Story Points Vs Time Estimating

My final post in this area brings me to another point which is often a popular debate subject.  Now it is important to remember that every team is different and every teams interpretation or implementation if Agile will differ. The key fact to remember is that it is important to find a implementation that works for your team – as at the end of the day the key point is you want to have a team that is efficient, effective at meeting delivery targets and ideally happy!

My personal take on this is to use story point estimation for user stories in the backlog, which then enables a team to quickly estimate (ideally a degree of confidence!) how long it would take to complete a set or even all stories (stories of course equate to work) left in the product backlog.  For this to be accurate, it is important the sprint velocity is recorded which is the measurement of how many story points a team completes typically per sprint.

When planning for a specific sprint it is important to examine and analyse the selected stories based on priority, then break these into further detail i.e. Technical tasks. These tasks will be estimated individually in time.  It will then be the responsibility of the developer to update their stories and tasks with time spent, effort remaining and any changes in overall status (i.e. In-progress, blocked, complete etc).

I believe that time based tracking during the sprint is key as it enables effective tracking on a day to day basis of overall progress. Effective tracking will then enable the SCRUM master or team to quickly identify any potential issues they may arise due to issues with tasks taking longer than expected for example.

Some developers can be resistance to the use of time tracking, as they may see this as a means of big brother watching them.  Or that feel the overhead of updating tickets daily with this data – is a waste of effort.  In reality it only takes a few minutes to update tickets if done daily and the purpose of time tracking is not highlight individual developer deficiencies, but simply to facilitate analysis overall sprint progress and help identify where tasks may commonly cause issue.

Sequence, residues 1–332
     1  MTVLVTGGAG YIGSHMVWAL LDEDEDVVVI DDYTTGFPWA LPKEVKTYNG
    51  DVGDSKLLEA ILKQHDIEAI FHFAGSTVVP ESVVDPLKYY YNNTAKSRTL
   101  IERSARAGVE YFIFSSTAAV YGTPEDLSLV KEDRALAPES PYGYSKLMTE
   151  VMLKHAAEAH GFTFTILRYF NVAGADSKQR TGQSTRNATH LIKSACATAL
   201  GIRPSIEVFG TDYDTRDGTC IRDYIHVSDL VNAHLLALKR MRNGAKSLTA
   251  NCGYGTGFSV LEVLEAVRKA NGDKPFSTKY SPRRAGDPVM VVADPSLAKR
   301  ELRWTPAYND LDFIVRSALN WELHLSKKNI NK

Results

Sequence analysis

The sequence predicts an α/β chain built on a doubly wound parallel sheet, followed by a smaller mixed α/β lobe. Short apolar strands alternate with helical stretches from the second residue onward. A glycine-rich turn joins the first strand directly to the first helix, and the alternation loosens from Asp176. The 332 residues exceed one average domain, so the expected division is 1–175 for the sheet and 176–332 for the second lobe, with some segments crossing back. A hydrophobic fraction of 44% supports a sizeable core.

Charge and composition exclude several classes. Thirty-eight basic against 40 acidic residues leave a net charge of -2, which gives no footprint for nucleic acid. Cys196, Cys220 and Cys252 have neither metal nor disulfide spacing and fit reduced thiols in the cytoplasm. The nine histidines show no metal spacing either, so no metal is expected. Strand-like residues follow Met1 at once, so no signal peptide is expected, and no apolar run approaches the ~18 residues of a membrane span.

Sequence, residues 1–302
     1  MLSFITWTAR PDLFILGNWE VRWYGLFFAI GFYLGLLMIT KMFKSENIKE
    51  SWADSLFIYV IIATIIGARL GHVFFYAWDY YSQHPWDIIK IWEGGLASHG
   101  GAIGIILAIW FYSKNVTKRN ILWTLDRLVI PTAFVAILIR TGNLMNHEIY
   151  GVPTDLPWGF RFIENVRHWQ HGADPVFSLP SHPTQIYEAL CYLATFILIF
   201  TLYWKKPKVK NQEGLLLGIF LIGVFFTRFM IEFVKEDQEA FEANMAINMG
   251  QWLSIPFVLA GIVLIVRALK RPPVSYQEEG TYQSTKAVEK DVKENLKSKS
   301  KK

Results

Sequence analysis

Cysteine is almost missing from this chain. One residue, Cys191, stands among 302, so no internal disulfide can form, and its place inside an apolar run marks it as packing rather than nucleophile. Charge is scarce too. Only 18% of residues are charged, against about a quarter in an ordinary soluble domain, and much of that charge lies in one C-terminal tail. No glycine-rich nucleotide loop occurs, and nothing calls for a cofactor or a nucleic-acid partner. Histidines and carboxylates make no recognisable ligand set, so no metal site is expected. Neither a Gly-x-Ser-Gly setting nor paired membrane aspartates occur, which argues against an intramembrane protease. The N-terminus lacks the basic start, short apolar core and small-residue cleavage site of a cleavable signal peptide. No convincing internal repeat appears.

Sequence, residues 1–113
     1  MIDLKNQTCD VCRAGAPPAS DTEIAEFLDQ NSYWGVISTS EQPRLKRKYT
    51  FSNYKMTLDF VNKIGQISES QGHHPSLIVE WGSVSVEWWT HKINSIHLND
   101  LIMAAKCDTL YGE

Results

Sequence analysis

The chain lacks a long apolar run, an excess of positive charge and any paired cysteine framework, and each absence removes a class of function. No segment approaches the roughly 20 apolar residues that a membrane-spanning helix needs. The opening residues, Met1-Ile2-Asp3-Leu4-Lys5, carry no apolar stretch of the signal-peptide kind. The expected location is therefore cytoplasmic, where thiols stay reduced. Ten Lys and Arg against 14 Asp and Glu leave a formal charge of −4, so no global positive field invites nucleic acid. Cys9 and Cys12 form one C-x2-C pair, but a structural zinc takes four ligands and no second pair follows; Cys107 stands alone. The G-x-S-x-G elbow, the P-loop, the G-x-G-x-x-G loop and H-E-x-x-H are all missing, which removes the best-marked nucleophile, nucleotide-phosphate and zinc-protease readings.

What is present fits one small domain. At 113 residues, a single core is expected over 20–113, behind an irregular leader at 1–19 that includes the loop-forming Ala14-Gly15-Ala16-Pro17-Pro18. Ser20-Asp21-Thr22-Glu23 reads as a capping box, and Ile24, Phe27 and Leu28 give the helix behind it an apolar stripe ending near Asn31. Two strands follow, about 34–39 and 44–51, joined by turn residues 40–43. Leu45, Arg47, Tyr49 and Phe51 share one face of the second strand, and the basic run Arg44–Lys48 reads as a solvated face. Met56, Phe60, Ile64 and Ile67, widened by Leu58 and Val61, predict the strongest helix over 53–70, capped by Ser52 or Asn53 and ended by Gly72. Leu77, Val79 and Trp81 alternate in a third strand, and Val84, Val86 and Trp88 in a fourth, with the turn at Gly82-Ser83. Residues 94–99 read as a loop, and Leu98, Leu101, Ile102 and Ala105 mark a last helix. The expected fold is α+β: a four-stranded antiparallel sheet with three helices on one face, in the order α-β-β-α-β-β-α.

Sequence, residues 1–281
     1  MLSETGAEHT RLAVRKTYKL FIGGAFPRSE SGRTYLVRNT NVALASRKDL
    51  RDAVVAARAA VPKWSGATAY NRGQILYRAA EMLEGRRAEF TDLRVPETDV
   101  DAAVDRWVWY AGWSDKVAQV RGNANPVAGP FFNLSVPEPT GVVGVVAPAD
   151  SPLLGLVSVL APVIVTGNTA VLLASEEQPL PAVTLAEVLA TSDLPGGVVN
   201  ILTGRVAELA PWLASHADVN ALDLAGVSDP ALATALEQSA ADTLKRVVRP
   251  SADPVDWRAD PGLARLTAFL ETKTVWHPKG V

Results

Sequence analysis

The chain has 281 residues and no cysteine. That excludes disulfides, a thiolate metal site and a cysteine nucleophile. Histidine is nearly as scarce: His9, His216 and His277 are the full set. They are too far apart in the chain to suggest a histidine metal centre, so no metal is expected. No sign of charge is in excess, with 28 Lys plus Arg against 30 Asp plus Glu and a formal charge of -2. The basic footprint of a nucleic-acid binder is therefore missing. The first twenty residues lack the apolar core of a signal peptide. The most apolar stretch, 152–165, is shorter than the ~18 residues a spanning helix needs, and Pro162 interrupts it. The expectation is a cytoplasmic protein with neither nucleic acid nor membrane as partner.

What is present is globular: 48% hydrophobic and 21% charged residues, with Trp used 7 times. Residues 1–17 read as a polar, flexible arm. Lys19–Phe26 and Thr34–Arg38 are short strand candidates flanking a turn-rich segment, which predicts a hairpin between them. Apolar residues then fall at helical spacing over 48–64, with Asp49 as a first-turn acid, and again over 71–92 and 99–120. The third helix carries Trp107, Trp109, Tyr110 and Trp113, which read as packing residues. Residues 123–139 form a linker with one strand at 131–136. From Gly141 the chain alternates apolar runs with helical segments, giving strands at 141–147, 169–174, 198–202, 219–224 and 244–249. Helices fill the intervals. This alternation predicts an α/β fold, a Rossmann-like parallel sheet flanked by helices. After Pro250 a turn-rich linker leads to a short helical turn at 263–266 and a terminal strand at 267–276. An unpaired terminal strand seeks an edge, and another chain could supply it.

It is also important each member of the teams daily time utilisation is reviewed.  It is typically expected that a single full-time employee should be utilised around 70% to 75% of their daily total time available.  (Please note – I’m not saying people should only work for this portion of each day!!) This percentage may need to be re-considered based on the role a team member has.  Senior team members may be less effective as they are expected to help mentor other developers, attend more meetings and review code for example.  Members of the team with management responsibility may have other requirements such as line management tasks, managerial meetings, report writing etc.  This is in addition to typical interruptions that may occur during the course of a typical day that effect everyone.  On the flip-side, other types of workers such as remote workers may be able to achieve a higher daily utilisation percentage as they have less interruptions and meetings to attend for example.

Hence I believe the combination of the two techniques works best. Story point based estimation is at its most effective when considering items to be added to the backlog at a high level. Team games during planning such as planning poker can be used to negotiate points based on perceived complexity & risk. When stories are ready to be planned into the next sprint or two, they can then be developed further. This may involve further meetings with stakeholders, lower level requirements specification – which will ultimately allow technical tasks to be derived with time based estimates.